Ahead of this month’s Connected Britain 2021, we caught with Evan Wienberg, CEO of Truespeed to hear his views on the UK’s full fibre future.

Can you introduce yourself and Truespeed?

After building a career in the RAF and moving back to Somerset, Truespeed was born in 2014 out of my frustration at having incredibly unreliable broadband that wasn’t fit for purpose. As a Bath-based full fibre infrastructure provider and ISP, we’re on a mission to bring underserved and left behind communities, businesses and cities in the South West into the digital fast lane.
Buoyed by £75M from Aviva investors in 2017, we’ve grown to a team of around 150, supported by up to 150 highly skilled subcontractors working on the network build at any one time. We’re going through a growth spurt, and in the last 12 months doubled the size of our network and customer base and passed over 31,000 properties across the region – including rolling-out gigabit-capable broadband in Bath and Wells and dishing up gigabit capability to high-profile local businesses like Yeo Valley.
What does the term Connected Britain mean to you?
I believe access to decent broadband is a right, not a privilege that depends on where you live. And as working practices have shifted towards hybrid and home working, the need to replace intermittent connectivity and spinning wheels with ultra-reliable, ultra-fast broadband is more urgent than ever.  Full fibre broadband is an essential utility and should be on tap regardless of post code, which is why Truespeed is working tirelessly to make that a reality.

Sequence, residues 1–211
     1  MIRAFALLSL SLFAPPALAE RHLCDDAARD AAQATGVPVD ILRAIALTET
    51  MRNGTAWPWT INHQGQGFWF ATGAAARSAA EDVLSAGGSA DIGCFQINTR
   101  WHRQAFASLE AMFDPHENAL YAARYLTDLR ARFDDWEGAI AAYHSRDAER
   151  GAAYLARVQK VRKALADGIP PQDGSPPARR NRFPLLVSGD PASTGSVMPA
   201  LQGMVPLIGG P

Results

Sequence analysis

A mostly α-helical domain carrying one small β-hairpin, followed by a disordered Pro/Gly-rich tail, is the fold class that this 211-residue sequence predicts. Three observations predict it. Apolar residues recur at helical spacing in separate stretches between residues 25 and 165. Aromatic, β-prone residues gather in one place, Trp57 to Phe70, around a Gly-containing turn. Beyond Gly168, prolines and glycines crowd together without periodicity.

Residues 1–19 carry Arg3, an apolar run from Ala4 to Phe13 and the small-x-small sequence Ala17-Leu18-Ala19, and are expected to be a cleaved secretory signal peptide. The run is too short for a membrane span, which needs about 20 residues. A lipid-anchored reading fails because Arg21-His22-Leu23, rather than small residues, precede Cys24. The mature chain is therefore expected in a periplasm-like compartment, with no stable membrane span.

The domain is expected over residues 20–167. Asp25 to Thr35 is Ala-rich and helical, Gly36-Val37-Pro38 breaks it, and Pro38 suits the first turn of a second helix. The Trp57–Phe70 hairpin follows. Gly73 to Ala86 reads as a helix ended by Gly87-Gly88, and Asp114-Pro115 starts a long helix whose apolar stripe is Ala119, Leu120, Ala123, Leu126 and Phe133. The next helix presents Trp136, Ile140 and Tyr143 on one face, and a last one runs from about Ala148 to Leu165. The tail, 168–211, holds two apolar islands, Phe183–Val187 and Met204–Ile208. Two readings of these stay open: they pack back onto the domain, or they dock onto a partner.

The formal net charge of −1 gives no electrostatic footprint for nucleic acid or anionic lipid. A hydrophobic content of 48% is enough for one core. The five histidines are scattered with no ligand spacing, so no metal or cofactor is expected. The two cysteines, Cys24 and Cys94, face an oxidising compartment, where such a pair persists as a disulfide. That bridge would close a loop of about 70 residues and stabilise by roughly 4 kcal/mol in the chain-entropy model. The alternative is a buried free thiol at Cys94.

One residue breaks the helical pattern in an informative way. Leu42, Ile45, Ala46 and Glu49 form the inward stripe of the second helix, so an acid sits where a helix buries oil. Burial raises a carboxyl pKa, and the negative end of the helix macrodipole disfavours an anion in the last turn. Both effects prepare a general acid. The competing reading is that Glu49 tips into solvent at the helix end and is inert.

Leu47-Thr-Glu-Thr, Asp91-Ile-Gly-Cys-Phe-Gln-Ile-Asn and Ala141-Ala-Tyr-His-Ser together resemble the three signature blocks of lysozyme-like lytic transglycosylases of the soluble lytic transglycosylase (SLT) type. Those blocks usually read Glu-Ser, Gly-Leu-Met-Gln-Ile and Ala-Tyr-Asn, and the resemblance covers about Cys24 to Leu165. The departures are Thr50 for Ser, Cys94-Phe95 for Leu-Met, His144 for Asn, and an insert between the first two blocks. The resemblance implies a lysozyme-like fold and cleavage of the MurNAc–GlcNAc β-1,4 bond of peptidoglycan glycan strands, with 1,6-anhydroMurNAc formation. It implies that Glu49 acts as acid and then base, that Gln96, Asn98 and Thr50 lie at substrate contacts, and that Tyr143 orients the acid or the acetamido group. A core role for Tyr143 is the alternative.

What are the biggest challenges for operators working towards delivering full fibre connectivity in the UK?
Rolling out brand new network infrastructure in hard-to-reach, rural areas and historic cities is never dull – from honouring tree preservation orders and overcoming difficulties with access permissions for third-party infrastructure and private land, to working within listed building guidelines and avoiding digging up roads, there’s always a new challenge round the corner. But we don’t give up and work hard to find a viable solution.  Truespeed’s operations director, Simon Wall, will be discussing Truespeed’s Strategies for optimising network delivery in his conference panel, sharing how being flexible and changing our deployment approach has enabled us to accelerate the build in the region.
What can we expect to see from Truespeed over the next 12 – 18 months?
Let’s just say we’ve got lots of exciting things in the pipeline. Delivering truly better broadband to benefit underserved communities in the South West is in our DNA and we’ll be doing much more of the same – at pace.
What are you most looking forward to about Connected Britain?
I’m a great believer that when people come together you get about 5 times more done. Like everyone who’s holding a Connected Britain conference pass, I’m pretty excited at having the opportunity to come together as an industry and look people in the eye directly rather than through a computer camera.  And the conference schedule looks really impressive with some stand-out sessions to boot.
Truespeed will be joining two sessions at Connected Britain – the UK’s number one connectivity event. Evan will be joining a panel on 21st September on "How can regulators better support broadband rollouts?" Truespeed’s Director of Operations will also be speaking and will join a session on "Strategies for optimising network delivery". To join Truespeed at the event, make sure you book your ticket ASAP (even better if you work for a UK B2C operator or the UK public sector, you can attend for free).